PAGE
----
I knew of 2 men. They would get hired as mechanics or welders here in the Eagle Ford, and get laid off in 3 weeks. I thought how fickle the employers were, until I found out how worthless they were. I have no idea how they got fired so fast, but they couldn't keep a job. They all lived off their mom's social security. I just don't get it.

My self worth is pretty deeply tied to my productivity. If I laze around on a weekend, I feel like crap for wasting 2 days....

McChuck said...

This isn't necessarily by accident. Look up Cloward-Pivens Strategy. Is it still a conspiracy if they publish it in book form?

perlhaqr said...

Well, and what I wonder is, if automation keeps increasing as it has, what are we going to do with all the people who just can't compete? I mean, even if the minimum wage were reset to the actual level of "zero", some portion of the populace just won't have enough skills to generate a liveable income.

Anonymous said...

You don't pay healthcare, Social security or IRA/pension contributions to an automated worker. It doesn't take vacation, sick days or personal or maternity leave with pay.
It doesn't care what shift it works.
It never misses work because of sick kid or parent, it's never late because it was hung over.
It never insults or harasses other employees, vendors or customers.

The total cost of a bad employee really starts to sky rocket compared to a machine.


Bob said...

There is something like 7 Billion living humans on planet Earth today.

The coming die-off is going to be massive and incomprehensible to most people.

But it's going to happen.

tens of Millions will die of starvation. millions more in the food riots, and governments around the world will kill hundreds of millions more.

It will not end until more than 5 Billion are gone.

I certainly do not want to be around to witness it, and at age 77, I just may luck out and die before this all happens.

It's going to happen. Like they say, there are no other possibilities.

freddie_mac said...

"What are we going to do with the people who can't compete?"

Change "can't" to "won't" and we'll have a clearer picture. I'd dearly love for welfare to come with an expiration date; people would be much more willing to work if no more money was coming in the door. But, politicians these days refuse to make hard choices and hold people accountable. Remember the miniscule welfare reforms from the Clinton era (which Obama has finished eliminating); people were amazed at how much the welfare rolls dropped, yet there wasn't a corresponding increase in homelessness ... People respond to incentives.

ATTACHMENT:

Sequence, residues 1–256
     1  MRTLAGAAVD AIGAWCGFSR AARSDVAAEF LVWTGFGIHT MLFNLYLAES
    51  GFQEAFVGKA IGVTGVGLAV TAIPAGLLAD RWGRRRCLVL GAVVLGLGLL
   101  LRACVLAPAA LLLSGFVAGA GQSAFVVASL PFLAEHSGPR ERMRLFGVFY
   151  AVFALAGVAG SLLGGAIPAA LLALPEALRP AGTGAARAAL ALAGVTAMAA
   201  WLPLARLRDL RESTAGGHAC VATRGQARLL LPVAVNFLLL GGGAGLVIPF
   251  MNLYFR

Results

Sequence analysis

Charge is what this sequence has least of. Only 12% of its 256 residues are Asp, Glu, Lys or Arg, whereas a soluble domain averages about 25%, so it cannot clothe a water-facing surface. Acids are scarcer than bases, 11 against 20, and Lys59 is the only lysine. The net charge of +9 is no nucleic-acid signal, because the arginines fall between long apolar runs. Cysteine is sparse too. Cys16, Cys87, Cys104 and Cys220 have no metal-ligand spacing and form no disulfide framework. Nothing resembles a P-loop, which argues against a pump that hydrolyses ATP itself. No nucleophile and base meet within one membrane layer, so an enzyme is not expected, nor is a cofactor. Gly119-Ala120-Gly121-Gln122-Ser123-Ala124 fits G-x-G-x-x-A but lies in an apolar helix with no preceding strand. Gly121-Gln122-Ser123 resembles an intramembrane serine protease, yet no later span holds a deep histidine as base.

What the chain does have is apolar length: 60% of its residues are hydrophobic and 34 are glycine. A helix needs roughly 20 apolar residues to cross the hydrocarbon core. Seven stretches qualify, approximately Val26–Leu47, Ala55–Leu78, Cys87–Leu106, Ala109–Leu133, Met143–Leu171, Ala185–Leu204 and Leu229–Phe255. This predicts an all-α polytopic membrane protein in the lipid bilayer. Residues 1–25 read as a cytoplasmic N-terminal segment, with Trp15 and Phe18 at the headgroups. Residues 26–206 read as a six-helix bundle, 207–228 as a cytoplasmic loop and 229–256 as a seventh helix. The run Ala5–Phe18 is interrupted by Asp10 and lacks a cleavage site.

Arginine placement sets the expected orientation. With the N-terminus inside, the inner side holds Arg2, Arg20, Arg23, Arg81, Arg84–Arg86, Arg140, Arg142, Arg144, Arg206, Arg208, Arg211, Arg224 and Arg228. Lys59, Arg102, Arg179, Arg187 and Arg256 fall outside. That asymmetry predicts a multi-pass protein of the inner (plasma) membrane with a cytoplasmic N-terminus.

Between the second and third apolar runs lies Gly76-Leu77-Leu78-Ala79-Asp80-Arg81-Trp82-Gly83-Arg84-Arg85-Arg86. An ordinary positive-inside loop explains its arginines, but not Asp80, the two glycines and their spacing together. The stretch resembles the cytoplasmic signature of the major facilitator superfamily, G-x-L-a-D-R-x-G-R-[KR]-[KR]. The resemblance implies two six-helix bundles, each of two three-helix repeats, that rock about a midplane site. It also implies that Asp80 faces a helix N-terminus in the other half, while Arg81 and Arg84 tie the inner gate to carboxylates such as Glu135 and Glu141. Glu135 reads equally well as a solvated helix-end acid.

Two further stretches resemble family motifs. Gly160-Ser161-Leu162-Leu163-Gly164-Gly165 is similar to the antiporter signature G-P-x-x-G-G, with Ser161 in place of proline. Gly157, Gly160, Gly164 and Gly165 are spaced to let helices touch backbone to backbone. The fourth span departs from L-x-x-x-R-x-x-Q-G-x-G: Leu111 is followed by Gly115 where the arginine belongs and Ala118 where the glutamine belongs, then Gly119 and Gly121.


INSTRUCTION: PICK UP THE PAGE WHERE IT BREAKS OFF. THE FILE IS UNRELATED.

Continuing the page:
MadMcAl said...

What you need is a group of politicians in power who have the moral strength to simply overturn all these wellfare nightmares, and accept the personal consequences.

Not that wellfare as such is something bad. But it has to be balanced and concentrated on those who actually need it.
The infirm (either physically or mentally), the old and the very young.
The rest get enough to survive, and not more.
No car, no cable tv, no broadband, not enough for alcohol or cigarettes.
If the recipient abuses it, s/he has to be set on personalized food stamps (or maybe a personalized govermental debit card that is good for only a few things).
The ones who can't work should be protected.
The ones who try to find work should be assisted in that, by for example moving assistance to a place where there is work for them.
The ones who could but don't want to, let them sink.

Keith Glass said...

Just. . . .wow.

I'm comparing the indexed cost of living. It was 1996, a bachelors degree, 6 years in the Air Force (as a Flying Officer: B-52 EW Officer/Navigator) and 7 more years experience before I made, adjusted, what a single mom in Taxachusetts makes now.

We are SERIOUSLY screwed, blued, and tattoed. . .

perlhaqr said...

Well, "won't" is certainly a problem, but I really am talking about "can't". If the legal minimum wage laws were all dropped, leaving the "minimum wage" as the natural economic value of "zero" (Some people's labor has less value than others. Definitionally, this will mean that some people's labor has less value than any arbitrarily determined "minimum wage". Some people's labor is valueless.) then some people will only have the skills to perform tasks of such low economic value that they simply cannot survive on what they can earn. Especially as more and more jobs are replaced by automation, and certainly when combined with the effects of Federal Reserve engineered inflation.

And unless we're going to let people like that just starve in the streets, I'm not sure what to do with them. They are unlikely to just quietly suicide. I would rather not face riots by the dispossessed.